Business groups warn government not to give Solar Para sa Bayan edge over rivals
BUSINESS groups on Wednesday asked President Duterte to allow his economic team to review the franchise bill of Solar Para sa Bayan Corp. (SPBC) on issues of competition and alleged lack of deliberation.
In a joint statement, business groups said granting Solar Para sa Bayan the franchise will accord it with competitive edge over rival renewable-energy firms operating in the Philippines. Citing competition concerns, they appealed to the President to pass on House Bill 8179, the franchise measure, to his economic managers for their assessment.
Solar Para sa Bayan, owned by Leandro L. Leviste, son of Sen. Loren B. Legarda, has been granted by Congress a 25-year-franchise to put up and operate solar grids in remote and unviable, unserved and underserved areas in the country.
“This [HB 8179] will make less viable the operations of the other renewable-energy companies and qualified third parties, which have been operating after compliance with substantive and formal requirements set by law. In other words, the grant of the franchise may defeat the President’s objective of leveling the playing field in the renewable-energy sector and could prejudice power consumers,” the statement read.
“We understand that Solar Para sa Bayan’s franchise bill was approved so swiftly and, thus, may have been approved without sufficient deliberation to thresh out fundamental constitutional, legal and economic issues,” it added.
The House of Representatives and the Senate on June 4, one of their last sessions before sine die adjournment, ratified the franchise bill. The measure was ratified in spite of objections from Sen. Sherwin T. Gatchalian, who opposed an insertion in the bicameral report, which he argued “will negatively affect the power industry.”
“This insertion is in the definition of an underserved area, which will now include areas ‘where electricity services have been interrupted at least 12 times in the 12 months preceding the date of the determination that such area is underserved,’” Gatchalian said in his objection speech.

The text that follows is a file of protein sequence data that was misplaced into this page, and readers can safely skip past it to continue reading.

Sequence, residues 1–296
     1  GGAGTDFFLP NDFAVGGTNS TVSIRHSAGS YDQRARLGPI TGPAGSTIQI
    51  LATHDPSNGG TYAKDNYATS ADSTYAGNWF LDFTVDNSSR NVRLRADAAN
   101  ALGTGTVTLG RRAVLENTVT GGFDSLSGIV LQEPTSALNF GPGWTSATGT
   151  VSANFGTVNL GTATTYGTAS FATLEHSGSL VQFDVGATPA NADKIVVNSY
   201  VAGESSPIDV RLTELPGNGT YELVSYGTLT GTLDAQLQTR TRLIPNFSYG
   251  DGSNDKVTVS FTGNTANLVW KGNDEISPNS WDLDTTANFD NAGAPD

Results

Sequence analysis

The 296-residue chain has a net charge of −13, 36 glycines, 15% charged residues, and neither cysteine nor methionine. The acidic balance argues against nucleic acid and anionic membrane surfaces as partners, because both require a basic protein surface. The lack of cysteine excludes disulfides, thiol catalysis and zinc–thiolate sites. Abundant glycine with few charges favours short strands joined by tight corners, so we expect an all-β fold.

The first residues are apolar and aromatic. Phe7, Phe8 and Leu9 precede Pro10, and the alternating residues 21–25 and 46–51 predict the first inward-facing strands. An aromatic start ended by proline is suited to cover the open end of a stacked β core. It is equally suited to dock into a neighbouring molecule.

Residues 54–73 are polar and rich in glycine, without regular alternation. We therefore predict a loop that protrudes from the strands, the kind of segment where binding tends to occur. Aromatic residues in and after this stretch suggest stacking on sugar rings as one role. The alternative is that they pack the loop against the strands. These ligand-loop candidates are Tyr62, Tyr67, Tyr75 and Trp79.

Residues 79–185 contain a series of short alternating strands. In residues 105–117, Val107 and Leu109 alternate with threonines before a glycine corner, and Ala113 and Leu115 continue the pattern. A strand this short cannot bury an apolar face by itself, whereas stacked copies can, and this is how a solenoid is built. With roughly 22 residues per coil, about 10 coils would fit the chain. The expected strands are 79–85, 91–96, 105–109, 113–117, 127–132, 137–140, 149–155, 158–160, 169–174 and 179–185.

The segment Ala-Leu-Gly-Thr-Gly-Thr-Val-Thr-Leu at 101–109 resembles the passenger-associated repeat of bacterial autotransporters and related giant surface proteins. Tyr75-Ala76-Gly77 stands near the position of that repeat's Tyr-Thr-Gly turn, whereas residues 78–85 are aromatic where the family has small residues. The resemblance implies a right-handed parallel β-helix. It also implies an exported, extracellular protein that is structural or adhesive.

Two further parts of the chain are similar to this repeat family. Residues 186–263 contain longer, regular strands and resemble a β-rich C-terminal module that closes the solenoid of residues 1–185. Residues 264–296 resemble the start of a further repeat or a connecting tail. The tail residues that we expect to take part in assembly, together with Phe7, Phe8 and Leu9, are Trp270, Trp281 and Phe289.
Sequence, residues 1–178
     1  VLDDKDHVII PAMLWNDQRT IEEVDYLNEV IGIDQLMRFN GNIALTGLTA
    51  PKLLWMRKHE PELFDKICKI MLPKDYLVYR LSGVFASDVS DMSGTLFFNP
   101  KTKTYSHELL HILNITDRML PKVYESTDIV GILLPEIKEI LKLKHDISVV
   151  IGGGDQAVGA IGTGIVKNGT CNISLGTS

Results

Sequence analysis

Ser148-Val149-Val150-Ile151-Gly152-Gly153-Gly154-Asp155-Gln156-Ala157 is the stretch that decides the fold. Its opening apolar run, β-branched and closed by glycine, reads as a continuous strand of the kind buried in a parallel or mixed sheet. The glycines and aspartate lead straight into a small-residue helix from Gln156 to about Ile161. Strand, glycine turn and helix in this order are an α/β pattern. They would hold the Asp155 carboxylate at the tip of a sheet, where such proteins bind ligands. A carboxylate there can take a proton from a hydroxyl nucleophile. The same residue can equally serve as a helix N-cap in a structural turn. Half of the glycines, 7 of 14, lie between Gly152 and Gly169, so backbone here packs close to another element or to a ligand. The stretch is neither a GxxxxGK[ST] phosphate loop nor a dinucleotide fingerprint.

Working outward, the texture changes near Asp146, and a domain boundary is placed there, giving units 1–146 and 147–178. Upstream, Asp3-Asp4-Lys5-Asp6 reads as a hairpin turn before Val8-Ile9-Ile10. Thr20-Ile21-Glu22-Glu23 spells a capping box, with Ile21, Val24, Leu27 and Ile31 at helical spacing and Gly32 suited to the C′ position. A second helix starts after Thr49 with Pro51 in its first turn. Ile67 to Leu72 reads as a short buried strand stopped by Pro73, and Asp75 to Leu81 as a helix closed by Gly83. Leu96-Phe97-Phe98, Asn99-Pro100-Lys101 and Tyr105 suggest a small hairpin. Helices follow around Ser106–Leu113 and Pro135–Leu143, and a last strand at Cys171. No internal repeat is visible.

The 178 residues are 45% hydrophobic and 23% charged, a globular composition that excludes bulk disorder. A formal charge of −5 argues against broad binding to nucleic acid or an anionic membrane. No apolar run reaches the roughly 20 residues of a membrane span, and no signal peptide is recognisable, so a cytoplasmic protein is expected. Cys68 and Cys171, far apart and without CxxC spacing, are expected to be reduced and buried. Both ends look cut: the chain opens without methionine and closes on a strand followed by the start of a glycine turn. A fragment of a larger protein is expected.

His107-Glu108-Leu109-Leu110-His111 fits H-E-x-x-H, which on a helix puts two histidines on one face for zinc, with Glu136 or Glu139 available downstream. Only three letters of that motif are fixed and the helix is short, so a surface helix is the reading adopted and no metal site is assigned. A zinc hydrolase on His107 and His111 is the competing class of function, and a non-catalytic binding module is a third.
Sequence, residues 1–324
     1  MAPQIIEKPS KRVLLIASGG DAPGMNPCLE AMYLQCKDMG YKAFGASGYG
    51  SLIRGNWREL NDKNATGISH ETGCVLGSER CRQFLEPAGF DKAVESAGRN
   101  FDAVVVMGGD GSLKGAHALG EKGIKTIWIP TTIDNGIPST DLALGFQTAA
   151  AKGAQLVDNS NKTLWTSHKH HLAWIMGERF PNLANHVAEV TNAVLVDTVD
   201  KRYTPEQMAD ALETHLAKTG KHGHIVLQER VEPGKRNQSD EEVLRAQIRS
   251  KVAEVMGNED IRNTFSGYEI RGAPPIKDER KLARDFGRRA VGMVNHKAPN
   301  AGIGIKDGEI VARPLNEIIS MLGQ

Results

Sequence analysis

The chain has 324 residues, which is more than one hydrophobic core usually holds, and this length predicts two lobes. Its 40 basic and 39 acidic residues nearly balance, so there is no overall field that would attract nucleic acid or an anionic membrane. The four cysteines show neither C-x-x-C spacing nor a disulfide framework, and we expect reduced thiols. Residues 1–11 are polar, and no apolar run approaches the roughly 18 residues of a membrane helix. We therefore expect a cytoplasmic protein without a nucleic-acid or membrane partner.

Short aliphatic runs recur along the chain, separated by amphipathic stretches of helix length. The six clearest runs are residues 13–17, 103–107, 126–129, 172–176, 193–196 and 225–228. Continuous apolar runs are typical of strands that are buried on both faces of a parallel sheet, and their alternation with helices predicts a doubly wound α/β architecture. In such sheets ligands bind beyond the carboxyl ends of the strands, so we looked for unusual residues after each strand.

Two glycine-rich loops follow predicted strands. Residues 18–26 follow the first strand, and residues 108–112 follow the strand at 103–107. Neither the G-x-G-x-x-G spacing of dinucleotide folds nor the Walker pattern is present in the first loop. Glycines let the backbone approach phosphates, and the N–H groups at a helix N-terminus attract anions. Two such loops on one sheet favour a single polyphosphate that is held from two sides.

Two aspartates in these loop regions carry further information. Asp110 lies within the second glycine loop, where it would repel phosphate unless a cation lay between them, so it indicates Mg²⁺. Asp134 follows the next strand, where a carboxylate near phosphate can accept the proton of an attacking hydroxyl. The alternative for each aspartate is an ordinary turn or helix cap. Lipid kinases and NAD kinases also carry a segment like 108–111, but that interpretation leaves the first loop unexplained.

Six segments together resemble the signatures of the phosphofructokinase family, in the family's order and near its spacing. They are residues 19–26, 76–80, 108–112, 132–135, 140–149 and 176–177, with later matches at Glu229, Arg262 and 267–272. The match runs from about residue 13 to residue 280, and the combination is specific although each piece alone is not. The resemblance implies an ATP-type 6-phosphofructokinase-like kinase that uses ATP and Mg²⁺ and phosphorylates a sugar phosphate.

Business groups said Duterte approving the franchise bill will put Solar Para sa Bayan’s competitors at a disadvantage. As a resolve, they asked the President to leave the dirty work of reviewing the measure’s impact on competition, as well as to consumers, to government economists.
“In view of the impact of Solar Para sa Bayan’s franchise bill on small, mini and micro grids now operating in the country, as well as to the power consumers in general, we appeal to His Excellency to have the members of the economic cluster of the Cabinet review this franchise bill prior to any executive action,” the statement read.
The joint statement was signed by the American Chamber of Commerce of the Philippines, Financial Executives Institute of the Philippines, Makati Business Club and the Management Association of the Philippines. The Semiconductor and Electronics Industries in the Philippines Foundation Inc. and the Women’s Business Council Philippines also signed the statement.
An online petition launched by nonprofit Philippine Solar and Storage Energy Alliance is asking the return of HB 8179 to Congress for it to be deliberated again.
The petition claimed the franchise bill has no electrification obligations for Solar Para sa Bayan, will favor only one firm, will eliminate competition and was approved by lawmakers without due process and only after one public hearing. It is targeting to garner 10,000 signatures, and has 7,666 as of writing.
In its web site, Solar Para sa Bayan claimed an estimated 12 million Filipinos lack access to electricity as of 2016. This translates to 10.4 percent unelectrified households in the whole of the Philippines. By island, 5.2 percent of households in Luzon is in need of power access, 7.6 percent in Visayas and 27.6 percent in Mindanao.
The Department of Energy is eyeing to achieve 100-percent electrification by the end of Duterte’s term in 2022.